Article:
The added benefit also seems to be unsuitable as the weighted average for the 2019-2020 record is already Rs.221 in the MGNREGA scheme. The unweighted average in major states is Rs.226 per day. The additional benefit on a closer look does not offer any relief to daily wage workers during a lockdown and also depends on the availability of work after the lockdown. The period after this 21-day lockdown is stated by many economists as a period of recession. This is arrived at after taking into consideration of the rise in unemployment as one of its factors.
– Food and Cash in hands of people.
The Finance Minister announced that Rs 2,000 will be deposited into the Jan Dhan Yojana Accounts of Farmers. Further, Rs. 1,000 will also be deposited into the Jan Dhan Accounts of pensioners, widows and the disabled. The Government is also to provide 5 kg of rice and 1 kg of pulses in addition to the existing amount received for the next three months.
In 2017 the Pradhan Mantri Jan Dhan Yojana saw the women ownership of bank accounts rise from 43% to 77%. This indicated that most of the accounts in the PMJDY were those of the spouses of the workers in the cities. To benefit from the relief provided, the individuals will have to travel back home which adds to the exodus.
(Pronab Sen-Chairman of the Standing Committee on Economic Statistics.)
Apart from this, the government also announced a hike on the withdrawal limit of EPFO to transfer cash into the hands of unemployed individuals. The Finance Minister also announced that the center will pay the PF requirements of both the employee and the employer for 90% of the employees (for the firms with less than 100 employees of salaries less than Rs.15000).
– Moratorium on Loans
The RBI allowed lending institutions to offer a moratorium to borrowers on repayment of all loans for 3 months. The banks that have approved this includes Punjab National Bank, Union Bank of India, Bank of Baroda, Canara Bank, IDBI, State Bank of India (SBI), Indian Bank & Central Bank of India.
This move will reduce the burden on the individuals and also provide them the purchasing power for necessities.
– Reduction of Rates
The RBI cut the repo rate and the reserve repo rate by 75 bps and 90 bps. The repo rate now stands at 4.4% and 4% respectively. This will result in a fall in interest on deposits and make loans cheaper. This is aimed to increase the spending and hopefully stimulate the economy. However, this was also done to ensure the enterprises that are affected by the pandemic can get back on their feet and avail cheaper loans.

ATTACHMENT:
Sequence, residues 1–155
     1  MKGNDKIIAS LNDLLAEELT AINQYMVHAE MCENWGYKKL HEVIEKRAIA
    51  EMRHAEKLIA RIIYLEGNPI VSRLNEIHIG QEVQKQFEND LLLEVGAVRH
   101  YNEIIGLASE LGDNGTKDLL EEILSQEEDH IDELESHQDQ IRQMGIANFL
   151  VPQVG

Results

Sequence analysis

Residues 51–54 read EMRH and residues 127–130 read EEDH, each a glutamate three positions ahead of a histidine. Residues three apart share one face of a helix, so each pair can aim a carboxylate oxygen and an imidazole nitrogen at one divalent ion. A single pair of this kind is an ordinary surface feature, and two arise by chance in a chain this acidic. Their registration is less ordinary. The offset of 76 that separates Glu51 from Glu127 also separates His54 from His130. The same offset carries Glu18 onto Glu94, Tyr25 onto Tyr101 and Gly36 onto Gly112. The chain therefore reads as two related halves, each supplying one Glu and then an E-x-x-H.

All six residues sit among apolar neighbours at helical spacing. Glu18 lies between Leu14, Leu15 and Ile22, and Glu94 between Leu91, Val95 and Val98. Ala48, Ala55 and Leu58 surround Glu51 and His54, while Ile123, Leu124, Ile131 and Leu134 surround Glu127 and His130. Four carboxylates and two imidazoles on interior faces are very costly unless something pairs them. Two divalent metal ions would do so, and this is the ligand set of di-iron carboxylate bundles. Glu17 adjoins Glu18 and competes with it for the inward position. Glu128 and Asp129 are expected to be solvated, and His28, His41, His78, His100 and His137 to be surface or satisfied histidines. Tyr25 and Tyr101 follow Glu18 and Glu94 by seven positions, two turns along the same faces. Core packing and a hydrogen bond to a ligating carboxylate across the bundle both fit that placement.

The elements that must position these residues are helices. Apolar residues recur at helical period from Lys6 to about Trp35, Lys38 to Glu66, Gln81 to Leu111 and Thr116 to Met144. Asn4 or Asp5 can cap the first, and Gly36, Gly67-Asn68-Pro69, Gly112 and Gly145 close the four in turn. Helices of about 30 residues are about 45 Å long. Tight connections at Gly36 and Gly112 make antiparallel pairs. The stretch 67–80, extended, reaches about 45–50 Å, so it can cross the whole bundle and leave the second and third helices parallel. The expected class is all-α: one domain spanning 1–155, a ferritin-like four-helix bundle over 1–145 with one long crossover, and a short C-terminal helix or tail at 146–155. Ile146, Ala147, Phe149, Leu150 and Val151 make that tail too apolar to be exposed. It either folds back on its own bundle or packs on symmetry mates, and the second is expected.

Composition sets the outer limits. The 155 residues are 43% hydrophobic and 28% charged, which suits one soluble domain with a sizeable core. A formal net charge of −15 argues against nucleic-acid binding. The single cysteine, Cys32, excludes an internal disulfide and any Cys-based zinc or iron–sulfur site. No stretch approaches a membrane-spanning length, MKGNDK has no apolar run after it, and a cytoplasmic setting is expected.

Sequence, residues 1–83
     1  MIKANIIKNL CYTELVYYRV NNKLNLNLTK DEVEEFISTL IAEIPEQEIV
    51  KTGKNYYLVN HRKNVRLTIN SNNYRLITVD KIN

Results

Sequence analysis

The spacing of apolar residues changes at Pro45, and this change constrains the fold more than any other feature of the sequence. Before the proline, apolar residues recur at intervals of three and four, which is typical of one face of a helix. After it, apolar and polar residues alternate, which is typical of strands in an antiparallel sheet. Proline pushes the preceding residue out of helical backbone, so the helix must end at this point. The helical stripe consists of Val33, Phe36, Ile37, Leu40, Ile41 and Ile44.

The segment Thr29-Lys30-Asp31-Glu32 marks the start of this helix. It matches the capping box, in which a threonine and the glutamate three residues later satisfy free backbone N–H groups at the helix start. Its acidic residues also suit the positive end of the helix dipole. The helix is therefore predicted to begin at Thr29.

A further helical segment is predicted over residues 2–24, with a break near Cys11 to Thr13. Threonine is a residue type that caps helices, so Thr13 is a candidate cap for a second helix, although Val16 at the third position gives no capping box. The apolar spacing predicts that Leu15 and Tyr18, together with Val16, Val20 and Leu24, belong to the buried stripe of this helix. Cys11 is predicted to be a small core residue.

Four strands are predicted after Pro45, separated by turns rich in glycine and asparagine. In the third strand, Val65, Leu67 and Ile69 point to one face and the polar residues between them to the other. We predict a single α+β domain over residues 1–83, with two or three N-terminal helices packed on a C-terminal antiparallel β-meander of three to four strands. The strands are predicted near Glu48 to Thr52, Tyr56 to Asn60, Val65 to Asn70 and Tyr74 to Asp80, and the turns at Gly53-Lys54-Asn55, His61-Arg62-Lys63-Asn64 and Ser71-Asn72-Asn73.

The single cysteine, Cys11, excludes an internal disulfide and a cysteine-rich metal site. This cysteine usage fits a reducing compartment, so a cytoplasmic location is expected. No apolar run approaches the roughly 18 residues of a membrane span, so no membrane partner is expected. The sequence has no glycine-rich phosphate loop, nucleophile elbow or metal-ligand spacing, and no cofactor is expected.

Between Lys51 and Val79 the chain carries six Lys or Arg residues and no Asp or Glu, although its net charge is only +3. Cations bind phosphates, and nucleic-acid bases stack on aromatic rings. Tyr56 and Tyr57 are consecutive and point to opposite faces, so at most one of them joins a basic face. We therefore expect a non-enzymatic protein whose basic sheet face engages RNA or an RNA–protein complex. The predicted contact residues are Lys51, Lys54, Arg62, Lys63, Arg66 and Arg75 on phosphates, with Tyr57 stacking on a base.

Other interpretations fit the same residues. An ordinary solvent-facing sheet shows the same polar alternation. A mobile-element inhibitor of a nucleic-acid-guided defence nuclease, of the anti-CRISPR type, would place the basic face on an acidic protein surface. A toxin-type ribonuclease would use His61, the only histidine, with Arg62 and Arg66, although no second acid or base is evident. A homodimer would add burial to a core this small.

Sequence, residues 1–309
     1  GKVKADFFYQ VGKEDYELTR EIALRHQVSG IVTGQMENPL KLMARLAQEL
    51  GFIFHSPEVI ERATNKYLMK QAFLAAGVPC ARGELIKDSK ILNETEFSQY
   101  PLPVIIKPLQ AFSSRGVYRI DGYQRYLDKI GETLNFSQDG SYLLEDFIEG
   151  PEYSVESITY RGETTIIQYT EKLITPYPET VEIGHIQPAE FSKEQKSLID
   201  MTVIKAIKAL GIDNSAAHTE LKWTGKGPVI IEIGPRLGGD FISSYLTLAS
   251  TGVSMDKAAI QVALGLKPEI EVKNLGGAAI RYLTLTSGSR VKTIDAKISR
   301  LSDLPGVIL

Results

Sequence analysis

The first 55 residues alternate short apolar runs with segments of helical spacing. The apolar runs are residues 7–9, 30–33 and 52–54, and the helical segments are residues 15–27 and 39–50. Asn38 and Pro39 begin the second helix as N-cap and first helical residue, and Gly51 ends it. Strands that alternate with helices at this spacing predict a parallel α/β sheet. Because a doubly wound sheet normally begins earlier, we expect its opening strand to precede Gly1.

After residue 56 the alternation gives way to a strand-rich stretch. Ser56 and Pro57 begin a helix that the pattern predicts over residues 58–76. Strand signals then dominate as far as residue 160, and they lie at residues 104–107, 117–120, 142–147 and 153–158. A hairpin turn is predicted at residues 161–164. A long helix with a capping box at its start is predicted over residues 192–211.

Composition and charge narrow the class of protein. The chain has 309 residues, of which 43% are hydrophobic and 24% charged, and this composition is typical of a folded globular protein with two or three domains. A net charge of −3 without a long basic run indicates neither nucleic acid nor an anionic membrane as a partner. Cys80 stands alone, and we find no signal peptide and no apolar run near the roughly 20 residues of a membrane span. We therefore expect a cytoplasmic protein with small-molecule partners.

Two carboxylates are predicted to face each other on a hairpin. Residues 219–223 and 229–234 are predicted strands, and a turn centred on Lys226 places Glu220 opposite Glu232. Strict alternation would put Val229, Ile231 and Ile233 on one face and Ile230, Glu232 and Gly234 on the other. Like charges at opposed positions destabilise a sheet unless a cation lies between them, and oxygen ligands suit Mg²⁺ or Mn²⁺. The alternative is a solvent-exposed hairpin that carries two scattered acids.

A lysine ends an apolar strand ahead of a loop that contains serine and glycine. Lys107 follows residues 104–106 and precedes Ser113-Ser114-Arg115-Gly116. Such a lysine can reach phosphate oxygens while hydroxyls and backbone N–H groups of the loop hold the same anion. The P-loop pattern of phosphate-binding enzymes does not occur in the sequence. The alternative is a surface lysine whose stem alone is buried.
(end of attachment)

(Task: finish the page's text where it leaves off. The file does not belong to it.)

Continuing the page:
(Prem Shankar Jha – Economist )
If we take a step back from this very welcome rate cut and consider the state of the baking sector and their struggles with NPA’s, Non-Performing Assets (as in Yes Bank), it is hard to foresee banks lending to businesses that have been financially weakened due to the pandemic. Any loans given out would be a leap of faith and RBI must ensure that the benefit from rate cuts is transferred from the banks.
Lockdowns around the globe
Countries like Italy, Spain, and France have implemented a national quarantine. The total count of cases in Italy and Spain are currently over 100,000 and France over 50,000. The United States, having the most number of cases (over 210,000) has still not imposed a nationwide lockdown taking a different pill than that taken by India. The US has primarily focussed only on hotspots and 24 states have asked their residents to shelter at home.
China, which only a few months ago was one of the hotspots for Corona, imposed a lockdown but only in the hotspots i.e. Wuhan and Hubai (60 million people) which could also be one of the reasons why the stock market in China was not as badly hit as that of other regions. (Also read: Coronavirus Impact on Global Indexes (2020) – US, Europe & More)
However, these countries have followed aggressive testing measures. India, on the other hand, has one of the worst testing rates in the world with only around 43,000 tests conducted so far. This was despite having the capacity to conduct 12,000 tests per day. So far there have been 2000 confirmed cases in India. Countries like Korea have used rampant testing measures like ‘Drive-Thru Coronavirus testing centers’ to flatten the curve to total cases. This has enabled them to catch up with the spread and quarantine effectively.